Ultimately, the Mountaineers dropped too many passes and coughed up too many touchdown chances to pull off the upset. But along the way, they learned they can play with anyone in the country, which should do wonders for a program that has struggled the past season-and-a-half.

“Our guys are in a good place right now,” Holgorsen said. “That’s the standard that we need to play with. And if we can play with that kind of mentality the whole year, we’ll have a good team.”

[+] EnlargeJ.W. Walsh
Matthew Emmons-USA TODAY SportsAfter a slow start, J.W. Walsh and the Cowboys regrouped against defending champion Florida State.
 If the Cowboys continue playing the way they did in Arlington, Texas, they might have a great team.

With the fewest returning starters among any team from a Power 5 conference, Oklahoma State’s young squad seemed to be on the verge of getting blown out after falling behind 17-0 in the second quarter.

Instead, the Cowboys hung tough. Quarterback J.W. Walsh settled down after a rocky start. Tyreek Hill began running away from anyone wearing a white Seminoles jersey. And Oklahoma State’s defensive line began imposing its will against Heisman winner Jameis Winston and a Florida State offensive line starting five seniors.

"We saw our team grow a little bit and mature," Gundy said. "I wasn't really sure how a number of players would react, and I think we learned that they'll fight and compete. We were in a really tough situation at one point, being down 17 points to a really good football team, but they kept their focus. I was proud of them for that."

Every time Florida State made a play, the Cowboys answered. And only after the Seminoles -- who won every regular-season game last season by least two touchdowns -- recovered an onside kick in the final minutes could they rest easy.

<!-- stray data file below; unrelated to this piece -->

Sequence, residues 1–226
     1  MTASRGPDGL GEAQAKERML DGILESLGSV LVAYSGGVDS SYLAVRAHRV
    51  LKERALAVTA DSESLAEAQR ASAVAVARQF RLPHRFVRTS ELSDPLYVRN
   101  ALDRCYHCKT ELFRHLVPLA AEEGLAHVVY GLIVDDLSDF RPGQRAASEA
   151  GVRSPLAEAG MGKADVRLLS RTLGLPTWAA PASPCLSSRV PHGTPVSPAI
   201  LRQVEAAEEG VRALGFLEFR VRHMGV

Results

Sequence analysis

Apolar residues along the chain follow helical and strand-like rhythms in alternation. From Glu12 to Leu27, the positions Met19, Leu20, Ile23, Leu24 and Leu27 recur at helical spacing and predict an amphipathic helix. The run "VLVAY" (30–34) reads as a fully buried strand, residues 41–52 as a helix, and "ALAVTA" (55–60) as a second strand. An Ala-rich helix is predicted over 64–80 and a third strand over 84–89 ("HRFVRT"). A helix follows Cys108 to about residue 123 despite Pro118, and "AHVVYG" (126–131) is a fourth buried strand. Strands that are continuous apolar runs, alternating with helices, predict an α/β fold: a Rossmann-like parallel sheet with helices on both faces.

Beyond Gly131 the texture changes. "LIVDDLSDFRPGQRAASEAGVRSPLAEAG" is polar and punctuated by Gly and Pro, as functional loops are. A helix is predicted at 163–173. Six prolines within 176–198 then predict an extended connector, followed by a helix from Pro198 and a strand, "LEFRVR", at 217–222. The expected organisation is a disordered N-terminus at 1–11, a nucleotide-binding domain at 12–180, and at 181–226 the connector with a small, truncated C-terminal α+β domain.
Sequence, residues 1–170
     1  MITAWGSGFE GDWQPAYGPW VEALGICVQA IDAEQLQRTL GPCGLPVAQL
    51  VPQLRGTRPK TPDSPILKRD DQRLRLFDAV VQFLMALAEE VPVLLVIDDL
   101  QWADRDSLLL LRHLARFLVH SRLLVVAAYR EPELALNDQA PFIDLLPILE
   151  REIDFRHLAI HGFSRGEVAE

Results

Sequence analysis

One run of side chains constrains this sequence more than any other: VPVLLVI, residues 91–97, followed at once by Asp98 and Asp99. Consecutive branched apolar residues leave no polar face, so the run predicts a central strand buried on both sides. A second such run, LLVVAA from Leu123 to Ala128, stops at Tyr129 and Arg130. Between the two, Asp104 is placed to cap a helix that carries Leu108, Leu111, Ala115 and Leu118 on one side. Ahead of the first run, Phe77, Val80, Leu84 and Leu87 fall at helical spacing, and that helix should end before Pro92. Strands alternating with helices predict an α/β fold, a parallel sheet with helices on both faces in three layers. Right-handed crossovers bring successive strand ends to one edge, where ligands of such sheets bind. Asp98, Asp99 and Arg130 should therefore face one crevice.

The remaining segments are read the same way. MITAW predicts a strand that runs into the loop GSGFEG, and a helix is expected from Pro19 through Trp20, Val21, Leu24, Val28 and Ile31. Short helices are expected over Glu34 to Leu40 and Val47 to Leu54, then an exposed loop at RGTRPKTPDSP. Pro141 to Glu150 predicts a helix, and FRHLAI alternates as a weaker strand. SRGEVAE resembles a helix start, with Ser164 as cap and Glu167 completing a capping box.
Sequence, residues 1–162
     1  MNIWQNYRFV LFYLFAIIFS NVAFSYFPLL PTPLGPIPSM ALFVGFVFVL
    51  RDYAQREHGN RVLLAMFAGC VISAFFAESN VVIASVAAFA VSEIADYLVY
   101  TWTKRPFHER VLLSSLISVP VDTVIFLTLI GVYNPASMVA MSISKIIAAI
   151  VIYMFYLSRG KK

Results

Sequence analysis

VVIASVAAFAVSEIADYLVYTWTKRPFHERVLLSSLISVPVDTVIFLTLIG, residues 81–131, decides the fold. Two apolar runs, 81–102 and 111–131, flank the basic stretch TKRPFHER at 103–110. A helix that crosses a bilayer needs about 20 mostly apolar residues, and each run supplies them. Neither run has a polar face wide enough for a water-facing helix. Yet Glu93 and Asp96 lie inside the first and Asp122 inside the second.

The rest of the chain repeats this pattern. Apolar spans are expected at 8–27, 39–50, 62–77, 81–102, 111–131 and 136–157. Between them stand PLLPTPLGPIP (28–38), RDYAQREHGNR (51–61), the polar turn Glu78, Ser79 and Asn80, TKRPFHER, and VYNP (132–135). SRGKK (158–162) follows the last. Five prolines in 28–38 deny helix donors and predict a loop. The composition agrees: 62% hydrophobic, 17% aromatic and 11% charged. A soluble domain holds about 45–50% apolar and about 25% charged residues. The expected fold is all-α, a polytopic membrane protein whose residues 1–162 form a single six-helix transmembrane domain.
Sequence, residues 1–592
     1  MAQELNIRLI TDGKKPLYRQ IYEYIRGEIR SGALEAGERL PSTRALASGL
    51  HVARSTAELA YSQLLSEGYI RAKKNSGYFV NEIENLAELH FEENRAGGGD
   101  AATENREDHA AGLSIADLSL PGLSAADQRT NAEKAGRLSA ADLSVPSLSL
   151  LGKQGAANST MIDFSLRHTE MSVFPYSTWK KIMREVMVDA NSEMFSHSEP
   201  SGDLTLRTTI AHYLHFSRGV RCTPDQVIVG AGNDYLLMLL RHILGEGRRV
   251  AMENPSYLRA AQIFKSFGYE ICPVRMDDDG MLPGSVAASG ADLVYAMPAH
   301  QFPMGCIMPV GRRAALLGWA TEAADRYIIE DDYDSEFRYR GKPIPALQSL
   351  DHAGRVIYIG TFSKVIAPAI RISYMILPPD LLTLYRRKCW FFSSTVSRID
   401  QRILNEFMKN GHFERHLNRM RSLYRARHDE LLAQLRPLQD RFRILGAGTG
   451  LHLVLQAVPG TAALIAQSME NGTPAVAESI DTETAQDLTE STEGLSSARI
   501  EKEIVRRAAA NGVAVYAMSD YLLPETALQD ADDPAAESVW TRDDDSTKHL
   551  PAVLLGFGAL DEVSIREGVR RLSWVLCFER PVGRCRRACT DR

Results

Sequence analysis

The Cowboys figure to be favored in at least their next five games, with the key tilt coming Sept. 25 at home against Texas Tech. And as Saturday showed, Oklahoma State has the pieces to transform its season outlook from rebuilder to Big 12 contender.

"We've got a lot of things to work on, and we had our mistakes, but there's obviously a lot of talent,” said slot receiver David Glidden, who hauled in a 55-yard touchdown bomb against the Seminoles. “There are a lot of guys who can play the game of football pretty well.”

The Cowboys and Mountaineers didn’t win Saturday. But based on how they played, plenty of victories could be on the way.

Big 12 Weekend Rewind: Week 1

September, 1, 2014
Sep 1
Taking stock of Week 1 in the Big 12:

Teams of the week: Yes, West Virginia and Oklahoma State might have ultimately lost. But as heavy underdogs, they also took the top two ranked teams in the country to the wire on neutral sites. Both squads should gain a ton of confidence from their performances. And assuming they both play the way they did in their openers, their 2014 outlooks will look much different than they did in the preseason.

Disappointment of the week: Iowa State lost its season opener to an FCS opponent for the second straight year. The Cyclones jumped to a 14-0 lead, then got dominated by North Dakota State the rest of the way. Iowa State could be without leading receiver Quenton Bundrage for awhile. And the schedule doesn’t get any easier, with the next four opponents all coming off bowl appearances.

Big (offensive) man on campus: West Virginia quarterback Clint Trickett was terrific in the loss, throwing for 365 yards -- the second-most a Nick Saban Alabama team had ever allowed behind Johnny Manziel in 2013. Trickett also completed 29 of 45 passes, and would have had more completions had it not been for several drops.

Big (defensive) man on campus: Baylor defensive end Shawn Oakman was unblockable against SMU Sunday night. He had two of Baylor’s eight sacks, as the Bears held SMU to just 64 yards of a total offense in a 45-0 shutout -- the first time the Mustangs had been shutout since 2004.

Special teams player of the week: Tyreek Hill set an Oklahoma State record for all-purpose yards in a debut with 278. And he did it against the No. 1 ranked team in the country. Florida State has one of the nation’s fastest teams around, and yet they couldn’t catch Hill, whether it was on offense, on punt returns or kickoff returns. The Cowboys have one dynamic playmaker in their backfield, and on special teams.